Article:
Reduction in funding to Network Rail has led to staff shortages, less frequent inspections and the increasing use of workers on zero-hours contracts, the report said.
Rail employees said that when safety concerns were raised, they were rarely acted upon, and "as a result workers were much less likely to raise potential safety issues".
Based on interviews with rail workers, the report was carried out on behalf of the four unions behind the TUC's Action for Rail campaign (Aslef, RMT, TSSA and Unite) by the Working Lives Institute at London Metropolitan University.
The report said workers were worried a major accident could happen "as a result of the culture that has developed in rail maintenance where safety is threatened because of a lack of resources".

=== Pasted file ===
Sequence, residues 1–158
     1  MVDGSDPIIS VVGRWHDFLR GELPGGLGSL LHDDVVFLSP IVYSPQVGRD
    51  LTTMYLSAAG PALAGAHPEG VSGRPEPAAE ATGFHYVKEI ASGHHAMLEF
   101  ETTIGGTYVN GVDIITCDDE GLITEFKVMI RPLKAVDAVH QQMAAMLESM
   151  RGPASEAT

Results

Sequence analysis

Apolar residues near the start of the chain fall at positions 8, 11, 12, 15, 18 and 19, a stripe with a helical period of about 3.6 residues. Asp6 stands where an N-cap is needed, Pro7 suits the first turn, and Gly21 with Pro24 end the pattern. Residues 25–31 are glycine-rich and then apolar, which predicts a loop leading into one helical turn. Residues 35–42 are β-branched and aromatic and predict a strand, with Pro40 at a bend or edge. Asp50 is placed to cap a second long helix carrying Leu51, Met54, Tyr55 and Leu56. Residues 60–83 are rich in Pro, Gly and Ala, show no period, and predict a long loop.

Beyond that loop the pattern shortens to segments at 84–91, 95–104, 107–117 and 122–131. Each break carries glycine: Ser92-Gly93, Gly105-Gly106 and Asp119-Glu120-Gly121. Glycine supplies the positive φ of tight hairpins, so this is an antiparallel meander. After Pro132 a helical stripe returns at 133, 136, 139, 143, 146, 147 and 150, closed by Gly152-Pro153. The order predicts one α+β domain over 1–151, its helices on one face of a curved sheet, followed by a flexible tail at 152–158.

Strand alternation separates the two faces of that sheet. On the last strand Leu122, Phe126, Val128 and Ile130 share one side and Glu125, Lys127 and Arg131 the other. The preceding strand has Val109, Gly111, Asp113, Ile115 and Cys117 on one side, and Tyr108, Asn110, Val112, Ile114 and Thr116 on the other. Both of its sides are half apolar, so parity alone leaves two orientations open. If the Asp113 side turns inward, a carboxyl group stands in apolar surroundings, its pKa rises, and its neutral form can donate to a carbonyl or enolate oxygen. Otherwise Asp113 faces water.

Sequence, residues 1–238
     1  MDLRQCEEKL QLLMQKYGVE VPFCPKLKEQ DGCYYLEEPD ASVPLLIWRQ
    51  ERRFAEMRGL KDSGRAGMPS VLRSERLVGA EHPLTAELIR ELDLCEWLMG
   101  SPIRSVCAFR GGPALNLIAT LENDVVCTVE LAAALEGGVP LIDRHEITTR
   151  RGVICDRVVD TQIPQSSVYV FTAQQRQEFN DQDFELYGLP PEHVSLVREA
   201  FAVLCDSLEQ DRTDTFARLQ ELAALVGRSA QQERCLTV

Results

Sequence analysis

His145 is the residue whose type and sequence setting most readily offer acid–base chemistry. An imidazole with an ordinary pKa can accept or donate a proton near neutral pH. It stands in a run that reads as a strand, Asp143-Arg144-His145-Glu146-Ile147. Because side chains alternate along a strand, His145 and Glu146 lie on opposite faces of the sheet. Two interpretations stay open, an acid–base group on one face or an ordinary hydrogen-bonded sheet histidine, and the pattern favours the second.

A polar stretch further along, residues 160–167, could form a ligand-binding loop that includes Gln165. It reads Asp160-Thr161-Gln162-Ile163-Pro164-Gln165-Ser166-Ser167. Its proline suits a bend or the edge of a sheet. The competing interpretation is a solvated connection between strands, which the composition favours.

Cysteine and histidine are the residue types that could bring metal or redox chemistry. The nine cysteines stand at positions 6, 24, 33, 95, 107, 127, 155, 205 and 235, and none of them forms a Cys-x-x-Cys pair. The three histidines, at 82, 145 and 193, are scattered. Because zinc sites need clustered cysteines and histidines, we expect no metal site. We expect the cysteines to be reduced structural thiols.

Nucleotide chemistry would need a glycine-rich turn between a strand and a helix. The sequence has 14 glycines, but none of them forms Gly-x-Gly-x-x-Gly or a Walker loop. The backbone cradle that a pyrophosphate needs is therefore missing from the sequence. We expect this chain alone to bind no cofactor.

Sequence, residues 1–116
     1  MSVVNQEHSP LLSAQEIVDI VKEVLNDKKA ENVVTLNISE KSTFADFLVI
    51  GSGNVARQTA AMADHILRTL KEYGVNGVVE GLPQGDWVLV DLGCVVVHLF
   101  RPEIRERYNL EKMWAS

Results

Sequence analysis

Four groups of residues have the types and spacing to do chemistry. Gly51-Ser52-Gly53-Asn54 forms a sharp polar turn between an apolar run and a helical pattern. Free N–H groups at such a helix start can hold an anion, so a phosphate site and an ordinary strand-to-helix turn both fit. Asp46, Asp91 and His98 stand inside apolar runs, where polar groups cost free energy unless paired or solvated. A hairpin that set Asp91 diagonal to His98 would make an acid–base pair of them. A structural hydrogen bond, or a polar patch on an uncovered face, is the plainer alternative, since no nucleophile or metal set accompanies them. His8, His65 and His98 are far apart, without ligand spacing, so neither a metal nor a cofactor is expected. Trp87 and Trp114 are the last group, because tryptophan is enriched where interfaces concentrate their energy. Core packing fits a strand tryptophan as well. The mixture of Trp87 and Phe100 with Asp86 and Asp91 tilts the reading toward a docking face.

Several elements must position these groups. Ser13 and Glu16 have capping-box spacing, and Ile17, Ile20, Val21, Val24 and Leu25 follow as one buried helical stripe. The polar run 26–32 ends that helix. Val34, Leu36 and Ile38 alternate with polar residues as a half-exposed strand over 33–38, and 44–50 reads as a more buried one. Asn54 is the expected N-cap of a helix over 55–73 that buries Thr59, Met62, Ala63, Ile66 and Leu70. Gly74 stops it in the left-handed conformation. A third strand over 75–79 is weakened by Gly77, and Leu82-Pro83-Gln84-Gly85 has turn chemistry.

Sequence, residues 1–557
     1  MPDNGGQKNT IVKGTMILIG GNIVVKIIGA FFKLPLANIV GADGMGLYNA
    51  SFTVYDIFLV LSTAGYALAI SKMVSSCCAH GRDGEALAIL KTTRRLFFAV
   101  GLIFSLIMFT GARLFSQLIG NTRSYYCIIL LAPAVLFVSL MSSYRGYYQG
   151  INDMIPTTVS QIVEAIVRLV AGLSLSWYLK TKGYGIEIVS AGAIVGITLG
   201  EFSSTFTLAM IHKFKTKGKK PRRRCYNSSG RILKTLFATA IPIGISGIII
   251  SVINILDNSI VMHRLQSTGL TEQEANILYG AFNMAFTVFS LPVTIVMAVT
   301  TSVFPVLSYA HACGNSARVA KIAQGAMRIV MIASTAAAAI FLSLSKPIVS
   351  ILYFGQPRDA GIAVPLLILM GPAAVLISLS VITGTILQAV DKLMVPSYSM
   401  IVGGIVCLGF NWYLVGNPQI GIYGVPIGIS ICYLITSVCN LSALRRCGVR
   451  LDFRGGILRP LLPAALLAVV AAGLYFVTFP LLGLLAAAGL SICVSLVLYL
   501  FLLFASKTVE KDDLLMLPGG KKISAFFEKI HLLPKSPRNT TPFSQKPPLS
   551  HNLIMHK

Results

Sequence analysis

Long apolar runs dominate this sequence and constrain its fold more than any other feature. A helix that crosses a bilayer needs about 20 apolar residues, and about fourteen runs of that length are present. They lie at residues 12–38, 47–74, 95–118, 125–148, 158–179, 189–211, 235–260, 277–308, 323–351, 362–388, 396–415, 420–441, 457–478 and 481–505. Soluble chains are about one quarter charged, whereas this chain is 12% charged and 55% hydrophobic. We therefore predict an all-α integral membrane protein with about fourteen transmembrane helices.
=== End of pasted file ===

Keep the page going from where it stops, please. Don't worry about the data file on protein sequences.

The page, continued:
A total of 11 people gave views to the report compilers. Of these, five were NR staff, four were employed by contractors, one was an RMT trade union official and one was a TSSA official.
TUC general secretary Frances O'Grady said: "When track workers - who see with their own eyes when safety corners are being cut - warn that a major accident could be just around the corner, it's time for ministers to wake up and act."
The RMT said: "Corners are being cut and essential maintenance work delayed as the obsession with meeting cuts and targets overrides the delivery of safe and efficient services."
A Department for Transport spokesman said: "Safety must be a top priority, and we look to NR and the ORR to ensure the rail network is run in a safe and reliable way."
NR said: "Despite this report being based on the views of just five of our 35,000-strong workforce, parts of it echo our own analysis."